International Monetary Fund Managing Director Christine Lagarde and some two dozen officials on the fund’s executive board will gather Monday at headquarters in Washington for one of the most-anticipated decisions outside of actually approving loans for nations in crisis.
The question inside the 12th-floor, oval boardroom: whether to grant China’s yuan status as a reserve currency by adding it to the fund’s Special Drawing Rights basket. The SDR, created in 1969, gives IMF member countries who hold it the right to obtain any of the currencies in the basket -- currently the dollar, euro, yen and pound -- to meet balance-of-payments needs.
While there’s little suspense in the main thrust of the expected approval -- Lagarde already announced that fund staff had recommended the yuan be included and that she supported the finding -- the IMF is likely to give more details on how it arrived at the decision.
The IMF’s highest decision-making body is its board of governors, a group of mostly finance ministers and central bankers from its 188 member countries. The board of governors has delegated most of its powers to the executive board, made up of 24 executive directors who represent the membership. The meeting Monday has been classified as “restricted,” meaning no support staff will be allowed to attend.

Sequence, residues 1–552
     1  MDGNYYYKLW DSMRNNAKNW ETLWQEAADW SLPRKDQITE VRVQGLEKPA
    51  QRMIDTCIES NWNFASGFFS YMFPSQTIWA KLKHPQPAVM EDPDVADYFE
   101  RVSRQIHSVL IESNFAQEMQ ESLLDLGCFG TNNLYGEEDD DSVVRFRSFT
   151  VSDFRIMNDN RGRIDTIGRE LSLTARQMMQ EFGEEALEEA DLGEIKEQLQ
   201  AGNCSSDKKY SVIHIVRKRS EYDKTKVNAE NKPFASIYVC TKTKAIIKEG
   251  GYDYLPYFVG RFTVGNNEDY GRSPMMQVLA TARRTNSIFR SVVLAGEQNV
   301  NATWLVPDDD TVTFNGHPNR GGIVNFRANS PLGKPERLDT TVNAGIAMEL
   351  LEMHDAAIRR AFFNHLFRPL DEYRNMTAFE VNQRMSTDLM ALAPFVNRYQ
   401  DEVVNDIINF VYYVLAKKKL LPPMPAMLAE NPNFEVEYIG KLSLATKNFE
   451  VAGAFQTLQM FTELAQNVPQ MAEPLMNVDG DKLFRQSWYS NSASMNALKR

The executive board, which meets more than 200 times a year, usually makes decisions based on consensus, rather than formal votes. Mark Sobel, the U.S. executive director who answers to the Obama administration, wields the most power, with a 17 percent voting stake. Together, the Group of Seven countries control 43 percent of the vote, making them a formidable bloc. China, which holds a 3.8 percent voting share, is represented by former People’s Bank of China official Jin Zhongxia.
Here’s what to look for in Monday’s decision and its immediate aftermath:
Whether Yuan Deserved It
In her Nov. 13 statement, Lagarde said staff determined the yuan is “freely usable,” the test for inclusion. But five months ago, the currency appeared to fall short of the mark. Following Monday’s decision, the IMF will probably release a detailed staff report on the review, shedding more light on how the fund’s economists arrived at the new conclusion.
According to the fund, freely usable currencies must be widely used to make payments in global transactions, and widely traded in major exchange markets. Key indicators include the share a currency makes up of official reserves, international banking liabilities and global debt securities, as well as the volume of use in foreign-exchange markets.
In a July report, IMF officials found the yuan ranked seventh among currencies as a share of official reserves, behind the four SDR members as well as the Australian and Canadian dollars. The yuan constituted 1.1 percent of official reserves, compared with 63.7 percent for the U.S. dollar. The yuan also ranked outside the top five in terms of debt securities and currency trading, according to the report.
It’s unlikely the currency’s use has surged enough to put it in the top five of the IMF’s key statistics, according to Ted Truman, a former Federal Reserve and U.S. Treasury official. China’s actions to address deficiencies mentioned in the earlier report represent “progress, but these new procedures have no established track record,” Truman, a senior fellow at the Peterson Institute for International Economics, said in a Nov. 17 blog post.